There can also be the issue of “dead legs,” which are defined as any area of the distribution piping system where water does not flow. These are prime areas for bacteria to blossom.

Increased costs as a result of oversizing

There are, of course, a number of other problems with oversizing plumbing systems, including the tendency to oversize the various system components. Oversizing booster pumps, for example, can add significant costs and require much more power to operate. Providing more power over a period of time can also dramatically increase electricity costs.

Another costly consequence of oversizing is the larger footprint required to fit the larger equipment. In new buildings we have seen footprint reductions of more than 60 per cent, which save the building owners significant money. In retrofit situations it frees up valuable space to use for other purposes.

Alternative sizing methods

Now that we have a better understanding of some of the drawbacks of using Hunter’s Curve the obvious question is “what is the best alternative?” It should be noted that the IAPMO Water Demand Calculator is currently under review and we are advocating for the adoption of this new method. It’s currently only for residential, but we suggest using it as a guideline in combination with engineering judgement for use in other building types.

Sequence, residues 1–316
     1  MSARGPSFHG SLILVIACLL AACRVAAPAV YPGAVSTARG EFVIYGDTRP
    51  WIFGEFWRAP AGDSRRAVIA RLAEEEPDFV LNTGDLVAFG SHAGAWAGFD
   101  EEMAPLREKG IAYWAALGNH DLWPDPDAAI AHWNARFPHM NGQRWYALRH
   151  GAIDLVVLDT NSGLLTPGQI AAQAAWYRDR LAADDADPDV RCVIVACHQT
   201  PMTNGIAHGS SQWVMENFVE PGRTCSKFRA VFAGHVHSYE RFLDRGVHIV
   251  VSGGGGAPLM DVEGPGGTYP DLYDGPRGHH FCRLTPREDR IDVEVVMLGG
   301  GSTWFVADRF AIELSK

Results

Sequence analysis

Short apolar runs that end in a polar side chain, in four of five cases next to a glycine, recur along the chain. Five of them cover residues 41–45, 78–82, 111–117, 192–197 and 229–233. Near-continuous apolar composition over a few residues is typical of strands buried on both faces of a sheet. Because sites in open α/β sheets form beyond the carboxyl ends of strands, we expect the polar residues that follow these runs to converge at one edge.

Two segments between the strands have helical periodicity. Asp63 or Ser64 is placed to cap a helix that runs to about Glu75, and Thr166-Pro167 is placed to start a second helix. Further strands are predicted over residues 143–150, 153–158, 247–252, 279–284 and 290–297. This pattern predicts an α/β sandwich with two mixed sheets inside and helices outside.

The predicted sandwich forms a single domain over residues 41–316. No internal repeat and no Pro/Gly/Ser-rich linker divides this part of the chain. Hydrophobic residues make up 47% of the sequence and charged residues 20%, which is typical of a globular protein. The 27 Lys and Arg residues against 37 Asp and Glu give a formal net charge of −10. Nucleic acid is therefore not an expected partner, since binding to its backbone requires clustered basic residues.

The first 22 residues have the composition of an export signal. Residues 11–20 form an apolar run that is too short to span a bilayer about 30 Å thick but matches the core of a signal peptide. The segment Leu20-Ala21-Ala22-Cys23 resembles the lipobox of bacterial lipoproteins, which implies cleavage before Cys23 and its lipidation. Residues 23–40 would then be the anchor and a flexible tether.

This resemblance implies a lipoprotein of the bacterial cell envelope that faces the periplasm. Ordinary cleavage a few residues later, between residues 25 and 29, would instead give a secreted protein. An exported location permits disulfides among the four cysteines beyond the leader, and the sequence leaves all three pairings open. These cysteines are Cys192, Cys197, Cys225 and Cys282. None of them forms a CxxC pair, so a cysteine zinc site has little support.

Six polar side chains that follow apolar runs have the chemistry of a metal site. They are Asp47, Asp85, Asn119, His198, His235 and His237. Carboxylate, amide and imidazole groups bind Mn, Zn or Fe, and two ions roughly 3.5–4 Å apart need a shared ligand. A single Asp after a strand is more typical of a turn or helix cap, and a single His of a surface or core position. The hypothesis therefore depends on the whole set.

However, none of the methods mentioned here are 100 per cent accurate and most of them still significantly oversize the system. In a recent survey conducted in conjunction with a webinar on this topic, we found that 43 per cent of participants still used the Hunter’s Curve or a derivation thereof. Another 35 per cent used IPC or UPC, 10 per cent used the IAPMO Water Demand Calculator and 12 per cent were self-developed based on experience.

There are a variety of consulting engineering firms and manufacturers who can help you determine current or anticipated needs, measure existing flow (where applicable), and create a sizing system that can save you time, money and energy. However, there are two indispensable steps in the process that need to be followed:

1) The first step in the process is to have a clear understanding of pipe sizing and your flow velocity. As plumbing professionals are aware, there are two types of flow – laminar flow (slow flow) and turbulent flow (fast flow).

We also know that pressure loss in piping is related to the velocity of the flow and the friction loss along the pipe wall reduces the available pressure. The two most common equations for friction loss are Darcy-Weisbach and Hazen-Williams. We have found that the Darcy-Weisbach method provides the most accurate results.